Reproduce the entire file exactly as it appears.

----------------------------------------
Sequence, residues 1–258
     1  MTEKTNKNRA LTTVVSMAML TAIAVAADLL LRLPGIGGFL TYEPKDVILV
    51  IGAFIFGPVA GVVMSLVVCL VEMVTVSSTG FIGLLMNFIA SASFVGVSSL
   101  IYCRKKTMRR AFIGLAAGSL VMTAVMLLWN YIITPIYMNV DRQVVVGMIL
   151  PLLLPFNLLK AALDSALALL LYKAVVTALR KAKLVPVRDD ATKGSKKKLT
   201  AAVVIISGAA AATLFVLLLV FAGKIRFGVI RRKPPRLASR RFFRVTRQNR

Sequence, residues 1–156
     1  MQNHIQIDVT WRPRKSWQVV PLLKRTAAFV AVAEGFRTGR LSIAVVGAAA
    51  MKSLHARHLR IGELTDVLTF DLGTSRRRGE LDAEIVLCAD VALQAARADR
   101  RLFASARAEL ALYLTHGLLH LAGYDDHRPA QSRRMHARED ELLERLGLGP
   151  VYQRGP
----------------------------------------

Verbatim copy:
Sequence, residues 1–258
     1  MTEKTNKNRA LTTVVSMAML TAIAVAADLL LRLPGIGGFL TYEPKDVILV
    51  IGAFIFGPVA GVVMSLVVCL VEMVTVSSTG FIGLLMNFIA SASFVGVSSL
   101  IYCRKKTMRR AFIGLAAGSL VMTAVMLLWN YIITPIYMNV DRQVVVGMIL
   151  PLLLPFNLLK AALDSALALL LYKAVVTALR KAKLVPVRDD ATKGSKKKLT
   201  AAVVIISGAA AATLFVLLLV FAGKIRFGVI RRKPPRLASR RFFRVTRQNR

Sequence, residues 1–156
     1  MQNHIQIDVT WRPRKSWQVV PLLKRTAAFV AVAEGFRTGR LSIAVVGAAA
    51  MKSLHARHLR IGELTDVLTF DLGTSRRRGE LDAEIVLCAD VALQAARADR
   101  RLFASARAEL ALYLTHGLLH LAGYDDHRPA QSRRMHARED ELLERLGLGP
   151  VYQRGP